Examination of null mutants in myosin B and paramyosin yields insights into the complex mechanisms that regulate expression of the three major components of Caenorhabditis elegans body-wall muscle thick filaments myosin A,myosin B and paramyosin. In the absence of myosin B, paramyosin accumulation is reduced, although neither its synthesis nor that of myosin A is affected. This implies that the interaction of myosin B with paramyosin inhibits paramyosin degradation. By contrast, the absence of paramyosin results in reduced synthesis and accumulation of myosin B but has no effect on myosin A synthesis. The non-reciprocal effects of the null mutants on turnover and synthesis are best understood as an epigenetic phenomenon that reflects the pathway of thick filament assembly. The synthesis of myosin A and paramyosin,which are involved in the initial steps of thick filament formation, is independent of myosin B; however, a properly assembled paramyosin-containing thick filament core is essential for efficient synthesis of myosin B.
Myofibril assembly is a tightly regulated integrative process. It requires the coordinated synthesis of contractile proteins, activity of chaperonins that mediate protein assembly and expression of scaffolding proteins that determine the spatial organization and periodicity of the myofilament lattice. The rigid stoichiometric and structural constraints involved in generating such a complex quaternary structure have led many to study myofibrillogenesis in model organisms, such as Caenorhabditis elegans ([Maupas 1889]Dougherty 1955), that can be manipulated genetically and biochemically.
Brenner's initial description of C. elegans as a genetic system(Brenner, 1974) revealed more than 25 genetic complementation groups that affected C. elegansmovement. These included the genes for the two major proteins of body-wall muscle thick filaments, paramyosin (unc-15) and the myosin B heavy chain (unc-54) (Epstein et al.,1974; Waterston et al.,1977). Since then, screens for motility defects, suppressor mutations and embryonic lethals have increased the number of genes implicated in muscle assembly, organization and function several fold(Francis and Waterston, 1991; Waterston, 1989a; Williams and Waterston, 1994; Zengel and Epstein, 1980a). Mutants in genes encoding major and minor structural components of the myofilament lattice, as well as proteins that direct the organization and assembly of C. elegans muscle, have been characterized and mapped(Barral and Epstein, 1999;Benian et al., 1989, 1999; Moerman and Fire, 1997; Ono and Benian, 1998). The existence of a diverse collection of motility-defective mutants, coupled with the sequencing of the C. elegans genome(Hodgkin et al., 1995) and extensive ultrastructural analysis of its striated muscle, led us to initiate investigations on the interrelationship between myosin and paramyosin synthesis and the underlying structural integrity of C. elegans thick myofilaments.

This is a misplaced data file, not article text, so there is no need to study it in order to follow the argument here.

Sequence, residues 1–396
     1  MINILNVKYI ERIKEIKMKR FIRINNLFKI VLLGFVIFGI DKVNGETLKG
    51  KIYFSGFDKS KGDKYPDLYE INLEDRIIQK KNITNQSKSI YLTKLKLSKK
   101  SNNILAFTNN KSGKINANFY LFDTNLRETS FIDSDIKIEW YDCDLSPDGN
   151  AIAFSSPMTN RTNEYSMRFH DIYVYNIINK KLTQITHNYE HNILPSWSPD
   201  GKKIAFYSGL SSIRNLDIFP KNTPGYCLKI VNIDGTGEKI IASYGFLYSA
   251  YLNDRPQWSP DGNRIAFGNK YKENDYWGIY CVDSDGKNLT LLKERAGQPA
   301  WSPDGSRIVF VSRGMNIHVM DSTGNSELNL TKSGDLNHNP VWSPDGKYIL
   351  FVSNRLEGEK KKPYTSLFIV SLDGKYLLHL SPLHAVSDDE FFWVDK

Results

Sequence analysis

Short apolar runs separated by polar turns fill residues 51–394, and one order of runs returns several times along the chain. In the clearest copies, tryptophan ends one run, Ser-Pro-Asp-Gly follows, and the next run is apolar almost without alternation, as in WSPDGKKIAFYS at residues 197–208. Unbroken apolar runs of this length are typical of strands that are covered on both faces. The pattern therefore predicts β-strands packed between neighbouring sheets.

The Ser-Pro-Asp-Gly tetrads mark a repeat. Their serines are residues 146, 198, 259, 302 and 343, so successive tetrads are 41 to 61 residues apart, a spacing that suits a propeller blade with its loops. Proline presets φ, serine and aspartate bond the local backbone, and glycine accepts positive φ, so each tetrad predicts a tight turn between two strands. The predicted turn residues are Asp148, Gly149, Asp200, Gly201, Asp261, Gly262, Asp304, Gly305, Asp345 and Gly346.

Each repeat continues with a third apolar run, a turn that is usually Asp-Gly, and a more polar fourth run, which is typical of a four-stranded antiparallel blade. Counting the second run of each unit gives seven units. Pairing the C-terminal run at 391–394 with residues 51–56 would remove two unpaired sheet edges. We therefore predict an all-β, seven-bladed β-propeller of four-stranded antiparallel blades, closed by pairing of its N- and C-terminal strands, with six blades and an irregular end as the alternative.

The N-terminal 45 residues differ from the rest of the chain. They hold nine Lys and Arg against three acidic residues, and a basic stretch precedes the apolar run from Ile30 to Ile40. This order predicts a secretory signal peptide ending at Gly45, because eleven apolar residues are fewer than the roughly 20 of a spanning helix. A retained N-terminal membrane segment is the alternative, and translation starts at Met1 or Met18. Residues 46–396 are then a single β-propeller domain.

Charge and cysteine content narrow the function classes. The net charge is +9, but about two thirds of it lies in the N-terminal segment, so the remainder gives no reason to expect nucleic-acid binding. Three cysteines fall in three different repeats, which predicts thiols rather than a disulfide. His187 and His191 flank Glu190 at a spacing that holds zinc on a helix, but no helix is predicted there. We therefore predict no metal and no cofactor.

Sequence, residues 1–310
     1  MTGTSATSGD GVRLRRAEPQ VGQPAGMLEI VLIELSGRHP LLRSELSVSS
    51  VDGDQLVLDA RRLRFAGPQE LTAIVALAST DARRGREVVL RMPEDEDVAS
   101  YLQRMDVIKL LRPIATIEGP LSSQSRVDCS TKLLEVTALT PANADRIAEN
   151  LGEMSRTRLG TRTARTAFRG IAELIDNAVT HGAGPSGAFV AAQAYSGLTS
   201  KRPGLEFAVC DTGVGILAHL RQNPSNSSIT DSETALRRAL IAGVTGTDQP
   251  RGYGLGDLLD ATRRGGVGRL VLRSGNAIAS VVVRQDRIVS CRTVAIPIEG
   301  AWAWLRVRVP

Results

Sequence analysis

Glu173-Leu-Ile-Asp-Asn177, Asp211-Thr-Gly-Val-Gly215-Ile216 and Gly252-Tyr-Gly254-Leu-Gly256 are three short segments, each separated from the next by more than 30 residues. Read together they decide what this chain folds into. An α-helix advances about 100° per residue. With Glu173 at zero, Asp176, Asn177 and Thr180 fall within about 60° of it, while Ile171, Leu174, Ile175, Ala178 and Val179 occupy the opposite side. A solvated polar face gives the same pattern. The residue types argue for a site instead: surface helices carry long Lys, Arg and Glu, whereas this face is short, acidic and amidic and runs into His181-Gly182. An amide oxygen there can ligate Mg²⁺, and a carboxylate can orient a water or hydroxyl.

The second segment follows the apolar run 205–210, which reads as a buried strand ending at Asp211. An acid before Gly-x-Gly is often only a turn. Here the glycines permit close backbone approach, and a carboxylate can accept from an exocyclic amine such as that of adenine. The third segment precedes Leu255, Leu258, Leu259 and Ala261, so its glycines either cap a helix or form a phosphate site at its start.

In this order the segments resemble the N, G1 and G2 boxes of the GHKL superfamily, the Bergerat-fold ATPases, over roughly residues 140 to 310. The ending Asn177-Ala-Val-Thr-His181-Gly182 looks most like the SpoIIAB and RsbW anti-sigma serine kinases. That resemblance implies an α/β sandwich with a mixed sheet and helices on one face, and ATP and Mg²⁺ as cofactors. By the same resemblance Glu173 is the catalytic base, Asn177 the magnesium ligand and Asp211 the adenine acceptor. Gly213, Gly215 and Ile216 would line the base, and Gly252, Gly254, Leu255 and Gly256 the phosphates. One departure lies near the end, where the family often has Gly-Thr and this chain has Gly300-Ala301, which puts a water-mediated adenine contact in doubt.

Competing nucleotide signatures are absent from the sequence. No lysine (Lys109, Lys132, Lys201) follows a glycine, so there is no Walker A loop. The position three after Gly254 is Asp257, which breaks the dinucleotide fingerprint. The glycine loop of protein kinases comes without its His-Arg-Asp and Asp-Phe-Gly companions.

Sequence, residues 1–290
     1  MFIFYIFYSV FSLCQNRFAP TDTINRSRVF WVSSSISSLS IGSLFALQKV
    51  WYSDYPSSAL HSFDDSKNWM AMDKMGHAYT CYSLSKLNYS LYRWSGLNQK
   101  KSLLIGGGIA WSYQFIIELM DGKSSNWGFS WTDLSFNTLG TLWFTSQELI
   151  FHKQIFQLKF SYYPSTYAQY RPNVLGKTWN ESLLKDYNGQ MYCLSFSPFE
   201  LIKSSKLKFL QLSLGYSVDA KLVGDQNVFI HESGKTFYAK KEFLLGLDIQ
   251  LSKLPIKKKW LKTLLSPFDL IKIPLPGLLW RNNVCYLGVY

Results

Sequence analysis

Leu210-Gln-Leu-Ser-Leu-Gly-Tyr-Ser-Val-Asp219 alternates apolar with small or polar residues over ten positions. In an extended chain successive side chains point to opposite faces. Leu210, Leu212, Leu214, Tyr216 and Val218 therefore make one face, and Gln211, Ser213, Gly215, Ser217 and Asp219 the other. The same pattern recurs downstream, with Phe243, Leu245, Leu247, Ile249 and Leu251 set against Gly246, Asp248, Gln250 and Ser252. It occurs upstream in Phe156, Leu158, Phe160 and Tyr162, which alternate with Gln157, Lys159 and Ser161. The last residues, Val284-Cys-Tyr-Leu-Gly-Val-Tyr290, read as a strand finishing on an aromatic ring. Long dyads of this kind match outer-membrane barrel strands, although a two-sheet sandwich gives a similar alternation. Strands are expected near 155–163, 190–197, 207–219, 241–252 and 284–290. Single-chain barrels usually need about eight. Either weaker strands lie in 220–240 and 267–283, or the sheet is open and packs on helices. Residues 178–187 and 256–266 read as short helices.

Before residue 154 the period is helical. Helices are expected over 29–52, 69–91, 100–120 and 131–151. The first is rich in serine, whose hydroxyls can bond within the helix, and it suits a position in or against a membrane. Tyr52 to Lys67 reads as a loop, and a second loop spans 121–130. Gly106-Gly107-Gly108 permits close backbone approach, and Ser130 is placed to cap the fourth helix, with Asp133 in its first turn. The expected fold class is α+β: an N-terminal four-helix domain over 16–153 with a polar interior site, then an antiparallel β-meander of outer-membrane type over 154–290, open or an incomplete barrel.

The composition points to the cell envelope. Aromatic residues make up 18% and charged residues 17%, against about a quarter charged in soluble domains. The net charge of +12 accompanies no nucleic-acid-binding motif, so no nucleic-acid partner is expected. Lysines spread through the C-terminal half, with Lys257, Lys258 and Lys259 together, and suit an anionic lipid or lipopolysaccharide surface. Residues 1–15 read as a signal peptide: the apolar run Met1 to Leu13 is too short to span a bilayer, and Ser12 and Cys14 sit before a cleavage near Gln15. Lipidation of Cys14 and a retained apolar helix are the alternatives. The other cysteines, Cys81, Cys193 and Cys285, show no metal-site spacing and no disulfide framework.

C. elegans body-wall muscle thick filaments form bipolar structures consisting of a core of paramyosin and filagenins(Epstein et al., 1985; Liu et al., 1998; Miller et al., 1986; Muller et al., 2001) that serves as a scaffold for the binding of two myosins: A and B. These myosins are homodimeric with respect to their heavy chains (Schachat et al., 1977, 1978) and are differentially distributed on thick filaments. Myosin A represents approximately 20% of the body-wall muscle myosin and is restricted to the central bipolar H-zone of thick filaments, while myosin B composes approximately 80% of the body-wall muscle myosin and is localized to the polar arms(Miller et al., 1983). Mutants in the paramyosin and myosin B heavy chain genes impair movement and exhibit aberrant thick filaments and A-band organization, although electron microscopic observations show that the thin filament lattice is well-defined and appears to be essentially intact(Bejsovec and Anderson, 1988; Epstein et al., 1974; Mackenzie et al., 1978; MacLeod et al., 1977b; Waterston et al., 1977). Mutations in the myosin A gene (myo-3) result in embryonic lethality,probably because myosin A is required for early events in thick filament initiation and muscle cell elongation(Waterston, 1989b). In addition, recent studies have provided insight into the interactions between paramyosin and myosin that may direct assembly of the central and distal regions of thick filaments. In particular, Muller et al.(2001) demonstrated that there are significant segmental differences in both protein composition and structure within the paramyosin-containing thick filament core, and Hoppe and Waterston (2000) characterized a 322-amino-acid region within the rod portion of myosin A that is required for its interaction with paramyosin.